During admission, the patient underwent a lumbar puncture to rule out meningoencephalitis. Cerebro-spinal fluid (CSF) studies were unremarkable and negative for bacteria, viruses, and fungi. The Mini-Mental State Examination test showed mild cognitive impairment (MMSE score 13/28). His 30-minute awake Electroencephalography (EEG) on Day 4 was normal. The speech therapist reviewed him and found mild oropharyngeal dysphagia and mild dysarthria. The patient was monitored in the general ward and put on fits charting. He was started on oral Levetiracetam 500mg BD which was subsequently increased to 1gm BD on day 2 of admission. He underwent occupational therapy and physiotherapy during his inpatient stay. He had three more episodes of tonic seizures on day 4, day 5, and day 6 of admission, and he was loaded with IV valproate and commenced on oral Valproate at 500mg BD later on. He was stable at discharge and given an outpatient appointment at the neurology clinic. 


The term Fahr’s disease and syndrome are interchangeable, and it has been argued that for no known etiology for basal ganglia calcification, the term Fahr’s disease should be used, and with known underlying causes, the term Fahr syndrome be used [5].

Fahr’s disease is a neurodegenerative disorder characterized by clinical heterogeneity presenting with a wide array of neuropsychiatric symptoms [6-8]. It is frequently underestimated and underdiagnosed. The prevalence of Fahr’s disease is higher among middle-aged patients. In adults, extrapyramidal disorders, dystonia, ataxia, and Parkinsonism are the most prevalent symptoms of Fahr’s syndrome. Convulsions and pyramidal abnormalities may be observed in some patients, as seen in our patient [9], since individuals with FD may present only with cognitive dysfunction without extrapyramidal signs at the onset. Physicians should consider this complex syndrome to counsel patients and their families with mental deterioration and behavioural abnormalities. The basic techniques for diagnosing Fahr’s disease remain neurological and psychological examinations and CT imaging.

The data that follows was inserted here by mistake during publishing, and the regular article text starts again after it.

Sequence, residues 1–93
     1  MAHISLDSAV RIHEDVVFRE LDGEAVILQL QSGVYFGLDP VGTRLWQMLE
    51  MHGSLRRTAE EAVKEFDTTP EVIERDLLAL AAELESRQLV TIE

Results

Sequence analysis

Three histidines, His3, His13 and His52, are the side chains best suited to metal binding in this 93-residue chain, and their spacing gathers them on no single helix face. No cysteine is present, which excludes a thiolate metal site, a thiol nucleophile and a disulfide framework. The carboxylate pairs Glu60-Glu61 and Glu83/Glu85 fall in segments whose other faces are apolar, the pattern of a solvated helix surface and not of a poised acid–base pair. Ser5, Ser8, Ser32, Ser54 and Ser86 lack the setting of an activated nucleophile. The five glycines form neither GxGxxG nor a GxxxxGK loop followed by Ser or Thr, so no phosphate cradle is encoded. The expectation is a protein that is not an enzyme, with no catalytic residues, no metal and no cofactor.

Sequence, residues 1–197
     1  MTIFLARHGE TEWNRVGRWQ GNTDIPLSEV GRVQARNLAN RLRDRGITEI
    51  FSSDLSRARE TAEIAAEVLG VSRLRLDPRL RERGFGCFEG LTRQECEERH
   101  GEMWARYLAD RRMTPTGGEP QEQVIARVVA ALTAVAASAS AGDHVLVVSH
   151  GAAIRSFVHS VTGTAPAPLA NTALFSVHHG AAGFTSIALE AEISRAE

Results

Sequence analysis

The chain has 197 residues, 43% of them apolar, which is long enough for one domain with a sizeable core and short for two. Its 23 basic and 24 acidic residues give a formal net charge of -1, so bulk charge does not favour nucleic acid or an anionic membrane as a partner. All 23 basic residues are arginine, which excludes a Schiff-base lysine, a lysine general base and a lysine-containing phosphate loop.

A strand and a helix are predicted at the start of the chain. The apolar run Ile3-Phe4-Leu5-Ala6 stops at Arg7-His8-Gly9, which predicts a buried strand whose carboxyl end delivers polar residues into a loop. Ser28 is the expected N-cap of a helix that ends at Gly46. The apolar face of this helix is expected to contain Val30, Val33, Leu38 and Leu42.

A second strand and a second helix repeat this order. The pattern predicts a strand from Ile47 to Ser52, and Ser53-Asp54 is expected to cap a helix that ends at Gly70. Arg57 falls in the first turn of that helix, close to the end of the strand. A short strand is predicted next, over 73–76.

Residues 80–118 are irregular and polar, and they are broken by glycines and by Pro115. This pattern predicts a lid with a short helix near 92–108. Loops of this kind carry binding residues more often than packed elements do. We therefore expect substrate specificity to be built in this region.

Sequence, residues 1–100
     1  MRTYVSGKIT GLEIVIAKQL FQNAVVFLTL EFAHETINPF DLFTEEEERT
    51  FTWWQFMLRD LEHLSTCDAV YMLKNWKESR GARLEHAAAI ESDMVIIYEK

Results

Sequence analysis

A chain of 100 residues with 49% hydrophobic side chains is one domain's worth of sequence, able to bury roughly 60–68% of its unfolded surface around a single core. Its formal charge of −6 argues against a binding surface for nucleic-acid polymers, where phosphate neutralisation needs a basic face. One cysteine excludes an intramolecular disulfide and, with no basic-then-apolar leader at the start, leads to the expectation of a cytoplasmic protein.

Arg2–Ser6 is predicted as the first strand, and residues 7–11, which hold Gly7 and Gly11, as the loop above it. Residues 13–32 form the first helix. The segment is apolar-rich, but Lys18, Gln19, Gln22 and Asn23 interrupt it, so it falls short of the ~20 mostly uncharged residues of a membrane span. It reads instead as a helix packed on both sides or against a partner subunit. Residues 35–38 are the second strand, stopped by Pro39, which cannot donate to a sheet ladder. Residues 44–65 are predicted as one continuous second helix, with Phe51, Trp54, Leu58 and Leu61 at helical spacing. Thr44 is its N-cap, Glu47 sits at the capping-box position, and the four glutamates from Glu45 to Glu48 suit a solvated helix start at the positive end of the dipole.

Cortical and basal neuron loss is closely linked to the pathogenesis of cognition disorders, which involves the destruction of brain connections between ganglia and cortex, resulting in frontotemporal atrophy, the formation of neurofibrillary cortical aggregates, as well as deficits in cortical and basal neurons. Fahr’s disease’s psychotic symptoms are similar to those of secondary psychotic disorders, and they include persecutory delusions, a hallucination of auditory, visual and olfactory, and ideas of reference and influence [10].